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My baby was almost brain damaged when breastfeeding went wrong | The Sun

A MUM has told of her heartbreak watching her newborn baby in hospital after struggling to breastfeed.

Cara Strickland was told her three-day-old baby girl could have been brain damaged due to the severity of her condition.

Many mums will resonate with the brave mum's story and her little girl, who she has not publicly named.

Cara said when she gave birth in July 2019, midwives told her she may find breastfeeding difficult because she had flat nipples.

She wrote in Insider: “I didn't panic when it didn't come easy. 

“A nurse helped me suction a nipple shield onto my breast, and a lactation consultant came in later and squeezed milk onto a spoon, putting it into my daughter's mouth. ‘You'll get the hang of it,’ everyone said.

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“At home, I didn't worry when she didn't want to nurse, or when my mom tried and failed to help us latch. 

“I didn't even worry when she got lethargic, started to sleep more, and uninterested in eating or being soothed. But my husband started to worry.”

Cara decided to call an after-hours nurse for advice, only hours after she’d got home with her new baby.

The nurse told her to immediately give the newborn breastmilk formula, which she guzzled fast.

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“I wept feeding her,” Cara said. 

“I had failed to meet her most basic needs. Was I qualified to be her mom if I couldn't tell that she was starving?”

The new parents waited anxiously for their baby to produce a wet diaper, but it didn’t come, and the nurse told them to go straight to hospital.

Cara’s daughter had dehydration because she had struggled to feed in her first couple of days of life.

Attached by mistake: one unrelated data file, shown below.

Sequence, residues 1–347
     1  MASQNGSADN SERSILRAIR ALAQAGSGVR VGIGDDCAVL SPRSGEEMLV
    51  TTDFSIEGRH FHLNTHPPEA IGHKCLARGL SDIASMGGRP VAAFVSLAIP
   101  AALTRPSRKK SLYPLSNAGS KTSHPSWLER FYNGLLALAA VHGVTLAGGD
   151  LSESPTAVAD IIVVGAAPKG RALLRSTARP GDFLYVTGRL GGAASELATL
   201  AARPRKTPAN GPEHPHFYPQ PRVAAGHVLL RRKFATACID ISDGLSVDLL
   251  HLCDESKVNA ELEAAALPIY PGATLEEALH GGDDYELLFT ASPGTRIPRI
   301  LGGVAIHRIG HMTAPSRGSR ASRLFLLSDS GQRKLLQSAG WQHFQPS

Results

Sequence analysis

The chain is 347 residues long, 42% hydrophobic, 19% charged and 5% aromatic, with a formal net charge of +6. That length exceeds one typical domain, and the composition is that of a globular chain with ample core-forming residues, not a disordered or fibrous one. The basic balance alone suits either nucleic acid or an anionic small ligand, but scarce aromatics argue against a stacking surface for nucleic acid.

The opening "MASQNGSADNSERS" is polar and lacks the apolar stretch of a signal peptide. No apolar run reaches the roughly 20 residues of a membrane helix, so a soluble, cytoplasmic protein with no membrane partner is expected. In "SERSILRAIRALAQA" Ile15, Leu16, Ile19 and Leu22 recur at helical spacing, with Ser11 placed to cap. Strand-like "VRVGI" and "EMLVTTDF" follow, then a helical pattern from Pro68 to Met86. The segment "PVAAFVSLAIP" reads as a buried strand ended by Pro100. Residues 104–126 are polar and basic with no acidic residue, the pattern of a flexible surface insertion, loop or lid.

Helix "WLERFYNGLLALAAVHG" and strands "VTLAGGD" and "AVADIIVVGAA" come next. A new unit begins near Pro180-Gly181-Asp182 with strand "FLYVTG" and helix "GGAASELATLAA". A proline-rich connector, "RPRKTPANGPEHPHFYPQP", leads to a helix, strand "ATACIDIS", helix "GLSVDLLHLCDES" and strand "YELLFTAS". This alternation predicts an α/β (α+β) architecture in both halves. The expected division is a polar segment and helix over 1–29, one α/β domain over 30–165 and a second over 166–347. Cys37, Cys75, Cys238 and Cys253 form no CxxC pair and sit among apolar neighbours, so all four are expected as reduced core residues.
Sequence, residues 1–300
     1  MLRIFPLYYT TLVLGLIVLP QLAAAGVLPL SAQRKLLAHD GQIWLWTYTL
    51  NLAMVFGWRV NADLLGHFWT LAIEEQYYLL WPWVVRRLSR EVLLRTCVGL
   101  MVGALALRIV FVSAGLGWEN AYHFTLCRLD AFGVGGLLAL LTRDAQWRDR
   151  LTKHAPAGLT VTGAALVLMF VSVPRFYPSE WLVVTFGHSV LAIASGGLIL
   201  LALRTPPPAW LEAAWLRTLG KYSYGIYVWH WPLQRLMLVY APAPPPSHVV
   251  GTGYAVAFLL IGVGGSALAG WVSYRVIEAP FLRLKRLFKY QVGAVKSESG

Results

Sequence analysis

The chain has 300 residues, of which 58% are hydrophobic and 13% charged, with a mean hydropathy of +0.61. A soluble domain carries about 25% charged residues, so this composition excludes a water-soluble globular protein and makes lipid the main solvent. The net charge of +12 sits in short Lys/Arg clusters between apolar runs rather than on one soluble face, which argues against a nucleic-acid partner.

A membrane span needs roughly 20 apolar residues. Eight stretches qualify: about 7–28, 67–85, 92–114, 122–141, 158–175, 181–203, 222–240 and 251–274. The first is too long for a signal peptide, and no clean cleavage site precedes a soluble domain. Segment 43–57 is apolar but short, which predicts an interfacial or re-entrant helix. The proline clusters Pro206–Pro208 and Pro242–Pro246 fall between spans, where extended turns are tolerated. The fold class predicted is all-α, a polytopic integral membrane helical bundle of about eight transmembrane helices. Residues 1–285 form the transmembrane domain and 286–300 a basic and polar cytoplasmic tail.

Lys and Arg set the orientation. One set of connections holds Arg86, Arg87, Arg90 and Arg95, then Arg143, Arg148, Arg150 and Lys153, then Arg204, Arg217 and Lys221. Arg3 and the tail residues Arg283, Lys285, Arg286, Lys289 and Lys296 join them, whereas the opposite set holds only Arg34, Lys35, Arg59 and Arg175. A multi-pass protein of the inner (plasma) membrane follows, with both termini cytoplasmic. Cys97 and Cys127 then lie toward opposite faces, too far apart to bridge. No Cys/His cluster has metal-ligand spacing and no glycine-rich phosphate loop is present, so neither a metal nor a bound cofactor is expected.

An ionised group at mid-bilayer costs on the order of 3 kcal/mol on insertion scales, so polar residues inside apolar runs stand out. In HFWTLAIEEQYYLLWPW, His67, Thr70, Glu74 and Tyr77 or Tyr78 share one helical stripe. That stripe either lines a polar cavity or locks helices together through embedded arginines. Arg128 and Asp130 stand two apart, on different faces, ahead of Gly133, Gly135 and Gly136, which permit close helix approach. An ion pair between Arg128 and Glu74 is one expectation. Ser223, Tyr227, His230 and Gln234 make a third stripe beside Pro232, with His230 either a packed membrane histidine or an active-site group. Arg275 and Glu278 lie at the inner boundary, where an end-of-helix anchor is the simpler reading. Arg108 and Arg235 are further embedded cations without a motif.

Cara said: “As I watched the nurses nestle my three-day-old baby into a blanket nest and insert a tiny IV, something clicked. Finally, I felt like her mother. 

“They were about to put in the catheter when she peed on everyone. I've never laughed with such relief. 

“They brought a pump, a sandwich, and a bottle. ‘If you hadn't started formula when you did, she could have brain damage, or worse,’ the kind doctor said.”

After the traumatic event, Cara continued trying to breastfeed but her little girl “never did latch”.

After around six weeks of attempting, while using formula, a midwife suggested Cara stopped trying.

“‘How would it affect you emotionally if you stopped?’ she asked. I started to cry. ‘I think it would be the best thing’.

“Much later, bottles in our past, the paediatric dentist looked in her [the baby’s] mouth.

“‘Did you have trouble breastfeeding?’ he asked. I nodded. ‘I just want you to know it wasn't your fault,’ he said. 

“As he left the room, I wept. I had no idea how much I still needed to hear those words.”

It’s challenging for new mums to work out if their baby is feeding well, and to get into the groove of it.

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While the NHS does not have information on its breastfeeding page about signs a baby is not feeding well, it does list signs that it is.

These include that you can see and hear the baby swallowing, their cheeks are rounded while sucking, they seem calm and their mouth looks moist after feeds.

Signs a baby is dehydrated

If your baby has any of the following symptoms they may be dehydrated.

  • Weeing less frequently
  • Dry nappies
  • No tears when they cry
  • Crying more often
  • Being fussy with food
  • Cracked lips
  • A dry mouth
  • Fatigue and decreased energy levels
  • Sleepiness
  • Sunken eyes
  • Mucous on the tongue
  • Fast breathing
  • A rapid heart rate

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